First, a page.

Loqbox sat down with Edoardo Moreni, CEO of financial aggregator app Emma, to hear about his team’s journey to building the smartest financial assistant on the market.
So, you’re a newcomer in a sense, you seemed to burst onto the scene and grab people’s attention. I know that it didn’t come overnight, but I’m keen to hear what problem you identified and how you wanted to approach it.
In our case, what we’re trying to build and what we think the world needs is an independent financial adviser. So we see Emma as a technology that can fit between the consumer and their financial products and help them and advise them towards better financial products.
We don’t think we’re a replacement to a bank account, or even a banking app, we think that in the long term we’re going to go more into financial advice and financial improvement.
If there was a concept that would illustrate where we want to go, it’s a fitness app for money.
Based on that philosophy, it’s quite close to what similar companies in the space are doing, so how do you differentiate Emma? And how do you convince your customers that Emma is the better option?
Well, phase one for us was actually to sort the aggregator out. I don’t think many companies have a full understanding of how an aggregator works, and how to make it work. We were extremely lucky that we had almost 16 months of experience with financial data before we even got started with Emma. So it’s about understanding how financial data works, how we can filter out things, and how to predict a load of stuff.
For example, since day one we focused on the detection of internal transactions. In my case, I have three accounts, I like to move money around, and if you’re not able to filter those internal transactions out, all the numbers you provide to the user will be wrong. That was one of the first problems we encountered.
You guys have grown quite quickly, so how have you found that journey of meeting new customers and going to market?
Well I would say that we’re more of the ‘programmer’ school of thought, so we launched Emma without any big launch day or anything like that, and we grew through our own users. We constantly take feedback, and most of the features we deliver are features requested by our users. An example of this was the Payday feature, which we launched last month. This was the most requested feature in the past six months.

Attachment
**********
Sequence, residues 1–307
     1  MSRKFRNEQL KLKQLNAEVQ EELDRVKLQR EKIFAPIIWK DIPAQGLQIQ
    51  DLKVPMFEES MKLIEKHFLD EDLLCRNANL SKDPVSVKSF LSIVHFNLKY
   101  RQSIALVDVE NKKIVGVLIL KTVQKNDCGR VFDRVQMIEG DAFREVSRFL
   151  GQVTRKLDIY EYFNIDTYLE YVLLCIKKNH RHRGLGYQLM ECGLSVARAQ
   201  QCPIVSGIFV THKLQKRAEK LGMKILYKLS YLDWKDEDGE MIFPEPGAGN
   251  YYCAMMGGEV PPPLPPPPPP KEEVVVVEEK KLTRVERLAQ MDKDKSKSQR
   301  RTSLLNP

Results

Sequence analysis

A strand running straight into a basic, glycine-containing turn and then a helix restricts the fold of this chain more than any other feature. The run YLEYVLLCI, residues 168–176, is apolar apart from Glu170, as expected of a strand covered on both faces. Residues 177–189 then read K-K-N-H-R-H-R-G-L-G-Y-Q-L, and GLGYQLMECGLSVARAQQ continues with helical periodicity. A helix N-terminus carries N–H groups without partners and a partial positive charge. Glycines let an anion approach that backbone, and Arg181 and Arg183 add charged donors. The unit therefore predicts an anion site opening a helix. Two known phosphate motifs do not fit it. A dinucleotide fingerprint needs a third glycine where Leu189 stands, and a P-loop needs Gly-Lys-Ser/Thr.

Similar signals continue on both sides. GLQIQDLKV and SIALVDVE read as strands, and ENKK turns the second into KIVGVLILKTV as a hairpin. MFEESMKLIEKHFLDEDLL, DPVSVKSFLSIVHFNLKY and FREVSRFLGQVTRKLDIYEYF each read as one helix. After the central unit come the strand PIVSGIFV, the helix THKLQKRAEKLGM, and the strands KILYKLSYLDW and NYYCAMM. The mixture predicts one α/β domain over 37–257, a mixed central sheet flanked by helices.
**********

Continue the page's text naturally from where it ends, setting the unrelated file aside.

You’re up against some pretty big companies, backed by huge financial institutions, how do you think you’re going to win?
I think the key is to master the product first. I don’t think anyone has mastered that yet. In fact I think they’re all pretty much scared and they’re spending millions in acquisition costs, so sooner or later something may cause budgets to be cut and we’ll see who’s going to win.
I’m keen to hear what your thoughts are on Open Banking. What does it present, if anything, to you and Emma?
We’re still a bit sceptical of Open Banking. We’ve just joined the Open Banking Initiative, so we’re a part of their directory and have access to the APIs. However, we’re not going to move to Open Banking in the next six to twelve months. The reason is it actually creates more problems than the ones we have – and there are already quite a few to list! As of today, an alternative like Truelayer is two or three times better than Open Banking.
For us, Open Banking is just giving control to the banks and, if we think that the initiative for us is to disrupt bank revenues, the question is do we want to give them control or not?
How do you see your relationship with banks now and in the future?
I see banks as huge data containers, on top of which we can build incredible experiences. We don’t think we should partner with them but we think we should have access to the data which is made possible thanks to PSD2 (a revised ‘second’ Payment Service Directive designed to protect consumers).
What is your dream over the next few years for Emma customers?
Having something that actually adds value in their financial life. In the UK we still have some huge problems like two million people being permanently overdrawn. Millions of people aren’t able to save any money, and millions of people don’t know how to invest. These are all problems that a financial adviser can actually have an impact on.
Can you share any success stories from your customers?
Well, it’s really rewarding seeing people messaging you through the app’s live chat to say that you helped them avoid their overdraft, or that we helped people find long lost subscriptions. We’ve also helped people find fraudulent activity on their accounts.
I was actually victim to this, and found that I’d been paying for Netflix for an entire year without realising. Although I do see the identification of recurring payments as a good thing, it isn’t the end goal. The end goal is the improvement of your finances. We want to take you from situation X and bring you to situation Y, and there are a variety of things we are going to do in the next 12 months to bring people there.
The full version of our interview with Edoardo is available on Medium.
Emma is a free app available in the App and Play Store. Emma aggregates all of your bank accounts and credit cards in one place, in one slick interface.
This post was written and compiled by the credit experts behind Loqbox – a completely free way to build your credit history by saving a little each month. To sign up or read more about the clever way Loqbox works, head to Loqbox.co.uk.